92nd American Meteorological Society Annual Meeting (January 22-26, 2012)

Wednesday, 25 January 2012: 8:45 AM
On the Use of Radar-Based Design Storms for Floodplain Delineation and Dam Safety
Room 245 (New Orleans Convention Center )
John F. Henz, Dewberry & Davis, Denver, Colorado

Over the past eighteen years the National Weather Service has installed a national network of WSR-88D Doppler radars. In Arizona this network includes radars near Flagstaff, Phoenix, Tucson and Yuma. The nearly continuous sampling of precipitation systems year-round provides a significant opportunity to update and upgrade the design storms used for floodplain delineation studies and the rehabilitation of dams and flood retarding structures or levees. Typically the design storms used for these studies are based on a set of rainfall frequency and areal reduction factors developed from data sets of rain gages and stream gages which may or may not be representative of the basin being modeled.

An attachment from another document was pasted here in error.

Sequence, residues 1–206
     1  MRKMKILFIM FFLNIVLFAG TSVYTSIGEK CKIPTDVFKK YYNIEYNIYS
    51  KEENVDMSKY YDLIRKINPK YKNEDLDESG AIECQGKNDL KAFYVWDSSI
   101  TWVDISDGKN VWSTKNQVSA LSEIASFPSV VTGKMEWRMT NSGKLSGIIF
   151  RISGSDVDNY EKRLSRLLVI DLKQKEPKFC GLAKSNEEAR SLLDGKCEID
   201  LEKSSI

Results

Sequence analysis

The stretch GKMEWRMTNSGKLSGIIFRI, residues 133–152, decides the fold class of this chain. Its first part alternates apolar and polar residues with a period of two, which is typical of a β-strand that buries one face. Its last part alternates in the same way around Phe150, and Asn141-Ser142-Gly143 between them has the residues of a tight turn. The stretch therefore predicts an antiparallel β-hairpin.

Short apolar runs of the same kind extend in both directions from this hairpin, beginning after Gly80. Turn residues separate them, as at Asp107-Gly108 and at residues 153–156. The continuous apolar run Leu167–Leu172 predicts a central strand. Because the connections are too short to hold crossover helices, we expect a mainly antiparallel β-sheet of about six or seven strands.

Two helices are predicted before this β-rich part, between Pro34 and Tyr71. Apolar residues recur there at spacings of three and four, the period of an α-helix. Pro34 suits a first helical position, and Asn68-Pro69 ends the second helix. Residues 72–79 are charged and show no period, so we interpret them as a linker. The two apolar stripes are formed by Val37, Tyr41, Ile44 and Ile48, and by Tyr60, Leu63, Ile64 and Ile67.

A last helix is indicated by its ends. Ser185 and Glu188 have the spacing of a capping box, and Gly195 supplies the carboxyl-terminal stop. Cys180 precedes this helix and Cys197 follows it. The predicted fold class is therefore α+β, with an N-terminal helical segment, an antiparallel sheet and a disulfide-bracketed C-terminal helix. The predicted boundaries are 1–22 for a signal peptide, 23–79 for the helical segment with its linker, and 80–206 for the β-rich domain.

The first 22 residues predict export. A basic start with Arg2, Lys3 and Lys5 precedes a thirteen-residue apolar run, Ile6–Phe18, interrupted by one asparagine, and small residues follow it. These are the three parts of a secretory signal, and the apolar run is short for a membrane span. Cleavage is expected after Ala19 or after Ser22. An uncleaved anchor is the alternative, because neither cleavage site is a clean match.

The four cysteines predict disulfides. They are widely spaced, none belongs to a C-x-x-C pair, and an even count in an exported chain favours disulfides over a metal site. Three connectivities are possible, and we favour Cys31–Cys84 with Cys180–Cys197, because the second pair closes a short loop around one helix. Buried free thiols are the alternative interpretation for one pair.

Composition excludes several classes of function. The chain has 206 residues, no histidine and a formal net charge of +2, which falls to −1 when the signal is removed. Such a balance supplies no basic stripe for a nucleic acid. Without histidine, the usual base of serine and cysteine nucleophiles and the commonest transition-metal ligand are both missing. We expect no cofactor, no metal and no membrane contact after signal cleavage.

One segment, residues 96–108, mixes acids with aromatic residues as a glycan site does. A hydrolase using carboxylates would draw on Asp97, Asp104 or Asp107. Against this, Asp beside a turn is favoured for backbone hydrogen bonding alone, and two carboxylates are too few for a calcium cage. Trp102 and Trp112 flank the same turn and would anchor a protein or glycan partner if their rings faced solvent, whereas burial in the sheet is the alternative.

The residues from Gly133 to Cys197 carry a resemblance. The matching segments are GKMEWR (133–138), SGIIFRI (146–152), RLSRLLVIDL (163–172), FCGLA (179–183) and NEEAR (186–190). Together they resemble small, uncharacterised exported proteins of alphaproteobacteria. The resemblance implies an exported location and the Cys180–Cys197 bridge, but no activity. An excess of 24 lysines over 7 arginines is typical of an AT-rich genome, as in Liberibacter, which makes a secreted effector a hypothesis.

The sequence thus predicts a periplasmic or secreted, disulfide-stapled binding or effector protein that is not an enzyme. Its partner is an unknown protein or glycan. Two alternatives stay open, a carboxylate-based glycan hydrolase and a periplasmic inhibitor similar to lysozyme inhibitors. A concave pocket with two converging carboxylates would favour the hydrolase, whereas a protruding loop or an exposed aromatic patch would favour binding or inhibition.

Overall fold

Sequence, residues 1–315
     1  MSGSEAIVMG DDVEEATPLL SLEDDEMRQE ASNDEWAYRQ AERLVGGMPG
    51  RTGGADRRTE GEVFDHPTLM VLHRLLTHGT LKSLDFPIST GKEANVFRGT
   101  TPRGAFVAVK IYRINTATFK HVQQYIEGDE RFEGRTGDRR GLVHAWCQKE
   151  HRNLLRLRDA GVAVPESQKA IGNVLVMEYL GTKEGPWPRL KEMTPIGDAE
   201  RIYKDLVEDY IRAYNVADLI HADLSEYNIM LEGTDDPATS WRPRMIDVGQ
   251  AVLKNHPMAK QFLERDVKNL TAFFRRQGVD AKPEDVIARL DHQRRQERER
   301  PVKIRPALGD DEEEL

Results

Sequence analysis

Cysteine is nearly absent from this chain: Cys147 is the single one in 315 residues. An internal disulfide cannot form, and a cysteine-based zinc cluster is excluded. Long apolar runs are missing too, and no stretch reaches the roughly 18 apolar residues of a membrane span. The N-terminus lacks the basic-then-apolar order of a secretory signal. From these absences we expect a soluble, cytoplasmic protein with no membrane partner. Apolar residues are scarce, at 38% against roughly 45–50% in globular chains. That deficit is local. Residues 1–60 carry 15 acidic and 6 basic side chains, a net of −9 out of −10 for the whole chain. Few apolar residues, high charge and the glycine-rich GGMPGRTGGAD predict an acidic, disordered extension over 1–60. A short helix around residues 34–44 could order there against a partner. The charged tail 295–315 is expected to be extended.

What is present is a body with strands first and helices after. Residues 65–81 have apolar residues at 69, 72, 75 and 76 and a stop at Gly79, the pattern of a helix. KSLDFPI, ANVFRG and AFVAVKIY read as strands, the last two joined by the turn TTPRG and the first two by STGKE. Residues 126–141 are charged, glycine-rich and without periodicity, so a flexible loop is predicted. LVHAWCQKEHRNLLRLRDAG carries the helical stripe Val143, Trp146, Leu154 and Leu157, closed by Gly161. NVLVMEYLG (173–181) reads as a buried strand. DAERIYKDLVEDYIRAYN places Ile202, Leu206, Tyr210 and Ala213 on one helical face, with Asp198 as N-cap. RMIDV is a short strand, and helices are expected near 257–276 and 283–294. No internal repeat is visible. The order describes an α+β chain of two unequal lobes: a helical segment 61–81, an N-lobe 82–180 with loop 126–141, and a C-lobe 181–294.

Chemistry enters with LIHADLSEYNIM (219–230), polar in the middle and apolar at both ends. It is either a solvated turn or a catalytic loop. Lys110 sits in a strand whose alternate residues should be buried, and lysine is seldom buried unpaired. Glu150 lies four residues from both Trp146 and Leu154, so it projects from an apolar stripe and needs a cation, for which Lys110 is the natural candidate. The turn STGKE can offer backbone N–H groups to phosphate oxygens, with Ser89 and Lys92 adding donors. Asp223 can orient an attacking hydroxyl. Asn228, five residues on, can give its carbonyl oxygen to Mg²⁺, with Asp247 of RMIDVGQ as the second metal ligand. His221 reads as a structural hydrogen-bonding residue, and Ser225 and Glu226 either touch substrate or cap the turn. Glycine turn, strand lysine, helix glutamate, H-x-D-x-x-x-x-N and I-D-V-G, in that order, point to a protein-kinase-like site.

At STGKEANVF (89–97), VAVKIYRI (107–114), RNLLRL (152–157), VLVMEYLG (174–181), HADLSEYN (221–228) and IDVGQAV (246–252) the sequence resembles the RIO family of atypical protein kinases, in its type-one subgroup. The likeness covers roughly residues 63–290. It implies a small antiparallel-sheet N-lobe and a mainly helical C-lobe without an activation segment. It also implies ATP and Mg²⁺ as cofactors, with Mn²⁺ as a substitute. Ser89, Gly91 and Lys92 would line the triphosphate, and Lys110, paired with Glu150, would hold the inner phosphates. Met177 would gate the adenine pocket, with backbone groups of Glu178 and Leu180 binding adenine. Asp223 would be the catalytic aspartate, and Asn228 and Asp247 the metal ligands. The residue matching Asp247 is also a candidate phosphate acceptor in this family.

Radar presents the opportunity to sample the observed precipitation coverage and temporal distribution of the entire spectrum of storms from isolated thunderstorms to monsoon storm systems to sub-tropical disturbances to large general winter storms. Radar samples roughly half mile by half miles areas with temporal resolution of roughly every 5-minutes. Examples of 2-y to 500-yr design storms will be presented from the FEMA-approved South Boulder Creek Floodplain delineation study in Colorado and from PMP studies in Colorado, New Mexico and Arizona. The time has come for this NWS resource to become a standard for design storm development.

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